I'm developing suburb feet--and it's something I'm not especially pleased about.
As I recently described to a friend, I used to walk, in heels, on concrete, upwards of two miles a day.(1) When he winced visibly I reminded him that it's different in a city where one relies upon public transportation. I lived a full mile from the subway and walked back and forth at least five days a week. Add in any other walking to lunch or to meet the Blonde and I was probably seeing an average of 15-20 miles a week out on the streets of Manhattan and Queens. Now, I've never been one for stiletto heels on the daily basis. I like a pretty solid and tall heel under me. One of my favorite tests that I have for my shoes is to go out in them with the Brunette. Along with being somewhat taller than I am, he walks very quickly along city streets. If I can keep up with him, it was money well spent.
My first inkling that I might not be up to my usual walks came in March, on a flying trip out to NY. It was pouring down rain (though blissfully not snow) and I hadn't worn the shoes in question for some time. Also, they've never been the best fit. I'm kind of between sizes--so I go with whatever shoe seems to fit better the day I'm buying and this might not have been the best of shopping experiences. But I kept up with the Blonde as she and I hauled up 8th Ave to catch a show and then afterwards matched stride with the Actor---who is 6'2". I was 5'7"ish that day but still fit very comfortably under his arm.
When we arrived back to Forest Hills to change for the evening I realized that not only did I have blisters, but they were way beyond manageable if I expected to wear those same shoes in the near future. Fortunately, I was changing to a different pair of heels--these just as tall but with a slightly different fit. Rather heavily bandaged and freshly shod, we were right back out and I was in those shoes until 2 a.m.--when we collapsed into a diner booth for a snack. (I won't count the taxi ride home.)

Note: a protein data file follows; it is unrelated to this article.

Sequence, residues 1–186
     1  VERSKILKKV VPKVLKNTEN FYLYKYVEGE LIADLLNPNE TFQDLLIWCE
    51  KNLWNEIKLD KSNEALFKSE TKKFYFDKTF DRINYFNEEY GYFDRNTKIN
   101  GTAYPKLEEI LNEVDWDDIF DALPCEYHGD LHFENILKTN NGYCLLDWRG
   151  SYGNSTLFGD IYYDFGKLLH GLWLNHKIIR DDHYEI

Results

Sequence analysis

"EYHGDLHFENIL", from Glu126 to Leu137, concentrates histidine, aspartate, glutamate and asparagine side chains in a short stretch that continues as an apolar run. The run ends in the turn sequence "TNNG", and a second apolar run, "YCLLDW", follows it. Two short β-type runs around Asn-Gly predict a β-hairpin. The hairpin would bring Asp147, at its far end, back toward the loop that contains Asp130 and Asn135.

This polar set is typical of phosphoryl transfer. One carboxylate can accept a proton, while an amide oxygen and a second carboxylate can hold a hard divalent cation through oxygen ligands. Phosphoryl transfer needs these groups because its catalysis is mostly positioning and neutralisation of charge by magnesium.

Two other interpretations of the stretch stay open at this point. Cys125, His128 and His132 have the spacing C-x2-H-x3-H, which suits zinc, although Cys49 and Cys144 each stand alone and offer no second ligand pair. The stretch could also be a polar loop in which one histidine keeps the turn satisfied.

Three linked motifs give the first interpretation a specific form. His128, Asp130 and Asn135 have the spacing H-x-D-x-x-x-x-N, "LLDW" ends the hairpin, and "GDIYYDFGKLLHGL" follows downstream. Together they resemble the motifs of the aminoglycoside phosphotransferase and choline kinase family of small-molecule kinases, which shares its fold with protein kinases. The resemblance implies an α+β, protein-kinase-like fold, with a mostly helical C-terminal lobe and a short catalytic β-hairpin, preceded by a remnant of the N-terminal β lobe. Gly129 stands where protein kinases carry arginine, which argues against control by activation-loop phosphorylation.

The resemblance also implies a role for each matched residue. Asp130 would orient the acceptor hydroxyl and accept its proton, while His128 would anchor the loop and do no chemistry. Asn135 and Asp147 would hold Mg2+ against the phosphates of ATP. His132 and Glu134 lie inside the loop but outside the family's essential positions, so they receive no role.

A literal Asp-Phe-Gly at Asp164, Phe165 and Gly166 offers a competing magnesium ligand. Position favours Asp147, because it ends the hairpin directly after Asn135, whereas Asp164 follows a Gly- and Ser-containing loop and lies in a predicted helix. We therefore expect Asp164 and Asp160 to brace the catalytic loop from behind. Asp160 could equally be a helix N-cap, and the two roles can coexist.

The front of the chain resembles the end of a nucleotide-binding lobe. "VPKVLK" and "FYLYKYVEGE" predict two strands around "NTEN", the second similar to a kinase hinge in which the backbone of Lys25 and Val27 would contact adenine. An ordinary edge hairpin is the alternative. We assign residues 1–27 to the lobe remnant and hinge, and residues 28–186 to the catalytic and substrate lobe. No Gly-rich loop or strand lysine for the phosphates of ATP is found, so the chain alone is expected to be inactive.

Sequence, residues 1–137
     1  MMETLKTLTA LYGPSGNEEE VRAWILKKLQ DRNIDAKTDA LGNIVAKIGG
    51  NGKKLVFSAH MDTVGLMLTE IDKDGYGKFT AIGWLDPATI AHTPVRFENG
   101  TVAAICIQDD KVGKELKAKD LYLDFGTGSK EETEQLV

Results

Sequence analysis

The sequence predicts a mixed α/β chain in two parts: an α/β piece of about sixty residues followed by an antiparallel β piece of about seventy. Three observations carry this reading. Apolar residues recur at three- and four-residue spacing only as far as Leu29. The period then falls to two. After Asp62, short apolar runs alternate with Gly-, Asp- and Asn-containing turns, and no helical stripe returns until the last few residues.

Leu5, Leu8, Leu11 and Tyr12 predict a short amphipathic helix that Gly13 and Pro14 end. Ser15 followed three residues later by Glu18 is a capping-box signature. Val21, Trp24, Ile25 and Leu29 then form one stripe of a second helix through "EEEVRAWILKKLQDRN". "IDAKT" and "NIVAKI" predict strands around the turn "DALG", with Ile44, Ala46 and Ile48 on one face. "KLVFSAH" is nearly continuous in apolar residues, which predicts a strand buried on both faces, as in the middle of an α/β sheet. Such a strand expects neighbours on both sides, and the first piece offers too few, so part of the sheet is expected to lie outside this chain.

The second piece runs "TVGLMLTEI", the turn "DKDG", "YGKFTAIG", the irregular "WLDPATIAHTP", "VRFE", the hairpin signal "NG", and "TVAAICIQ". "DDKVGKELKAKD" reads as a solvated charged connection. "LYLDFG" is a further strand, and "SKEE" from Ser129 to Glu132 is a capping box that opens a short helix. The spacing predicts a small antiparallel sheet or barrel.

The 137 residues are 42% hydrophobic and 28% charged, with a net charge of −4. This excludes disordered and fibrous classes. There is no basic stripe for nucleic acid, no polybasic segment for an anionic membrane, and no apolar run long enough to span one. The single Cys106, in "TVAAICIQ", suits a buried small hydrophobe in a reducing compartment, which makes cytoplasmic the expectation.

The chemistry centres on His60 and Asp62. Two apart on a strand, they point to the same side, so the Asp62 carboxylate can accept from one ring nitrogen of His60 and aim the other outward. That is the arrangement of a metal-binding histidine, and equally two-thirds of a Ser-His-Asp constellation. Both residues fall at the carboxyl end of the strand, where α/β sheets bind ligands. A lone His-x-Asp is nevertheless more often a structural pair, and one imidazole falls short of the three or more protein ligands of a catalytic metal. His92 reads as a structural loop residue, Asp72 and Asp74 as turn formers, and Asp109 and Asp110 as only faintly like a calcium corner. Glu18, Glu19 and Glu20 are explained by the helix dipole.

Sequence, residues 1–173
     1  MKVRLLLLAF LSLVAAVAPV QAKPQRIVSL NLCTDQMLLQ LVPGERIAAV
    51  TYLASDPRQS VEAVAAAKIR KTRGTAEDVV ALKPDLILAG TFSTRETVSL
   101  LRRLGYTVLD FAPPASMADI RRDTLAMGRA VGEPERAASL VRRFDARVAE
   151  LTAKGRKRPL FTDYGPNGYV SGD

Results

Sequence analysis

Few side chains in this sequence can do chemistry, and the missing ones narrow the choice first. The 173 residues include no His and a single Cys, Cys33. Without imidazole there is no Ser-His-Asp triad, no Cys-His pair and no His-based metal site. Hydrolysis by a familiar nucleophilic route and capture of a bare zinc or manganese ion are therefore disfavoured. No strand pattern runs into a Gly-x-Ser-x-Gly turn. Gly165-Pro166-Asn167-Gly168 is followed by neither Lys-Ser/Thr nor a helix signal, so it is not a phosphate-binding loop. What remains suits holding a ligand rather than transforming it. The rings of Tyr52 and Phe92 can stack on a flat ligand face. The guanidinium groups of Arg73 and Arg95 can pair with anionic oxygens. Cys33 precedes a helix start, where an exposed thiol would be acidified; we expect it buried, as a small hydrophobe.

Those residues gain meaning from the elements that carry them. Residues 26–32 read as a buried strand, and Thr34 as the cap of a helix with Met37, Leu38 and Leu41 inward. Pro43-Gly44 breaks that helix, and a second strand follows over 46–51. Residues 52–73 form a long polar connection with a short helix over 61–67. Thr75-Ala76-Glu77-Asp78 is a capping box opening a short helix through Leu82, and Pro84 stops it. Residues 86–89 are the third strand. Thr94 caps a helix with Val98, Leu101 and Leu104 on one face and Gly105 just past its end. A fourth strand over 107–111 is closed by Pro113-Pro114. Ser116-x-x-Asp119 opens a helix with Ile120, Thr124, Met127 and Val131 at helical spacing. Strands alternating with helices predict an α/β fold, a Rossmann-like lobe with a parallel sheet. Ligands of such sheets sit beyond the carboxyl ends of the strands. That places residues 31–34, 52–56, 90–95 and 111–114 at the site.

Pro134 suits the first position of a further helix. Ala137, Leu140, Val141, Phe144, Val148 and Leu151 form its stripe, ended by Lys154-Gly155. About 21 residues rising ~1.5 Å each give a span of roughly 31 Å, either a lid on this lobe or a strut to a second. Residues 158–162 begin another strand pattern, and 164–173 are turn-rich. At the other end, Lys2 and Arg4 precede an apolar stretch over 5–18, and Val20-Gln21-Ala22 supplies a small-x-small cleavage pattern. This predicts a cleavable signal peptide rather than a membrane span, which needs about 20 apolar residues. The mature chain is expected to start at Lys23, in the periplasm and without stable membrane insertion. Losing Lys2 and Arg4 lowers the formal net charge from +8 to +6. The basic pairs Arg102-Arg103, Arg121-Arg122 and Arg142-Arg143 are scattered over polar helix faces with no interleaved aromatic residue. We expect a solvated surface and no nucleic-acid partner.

I came home and returned to my normal schedule, until a recent run to Chicago. I should have considered when I woke up at 6:30 a.m. on that Saturday morning (2) that I wouldn't really be stopping until wee hours of Sunday morning. I'm not sure it would have helped--as I knew that part of the reason I was getting dressed for the evening at 6:30 a.m. was that I knew I wouldn't really be anywhere that allowed for much in the way of fully changing attire all day. But there I was, running about Wicker Park and Lakeview, dragging a former coworker up and down Michigan and State Streets on a yarn run(3), and then out with some friends who, while lovely and sweet, are male--and tall. As in 6'+.....all but one of them.
I'm not complaining about the company but by the time we got "home" for the night, I'd been in said heels for over 19 hours. So even with preemptive bandaging, I was in pretty rough shape. And of course, I went out walking a bunch on Sunday too. I did wear flats that day, but only because when I tried to put on my heels I nearly fell down. I do make some small concessions when faced with passing out every time I take a step.
But anyway, suburb feet. I drive everywhere here. Most of us do, unless we're out walking for our health or to exercise our pets. While I wouldn't think of a half mile or even a mile as a long walk when I'm in a city, here it's a long distance. I'm sure some of this will change in the summer--I have every intention of spending lunch hours walking to and from the farmers market they put up. It's not daily walking though, mandated by our transportation and it means my feet, while not getting the same abuse and indeed because of it, are less up to city travails.
This does not mean, however, that next time I'm out to NY or Chicago I'm wearing sneakers. It just means I'm packing extra band aids, moleskin and Neosporin.
(1) Uphill and in the snow both ways too darn it!!!
(2) drove in Friday night
(3) They MIGHT have let me change clothes at the yarn store but it's not what one wants to ask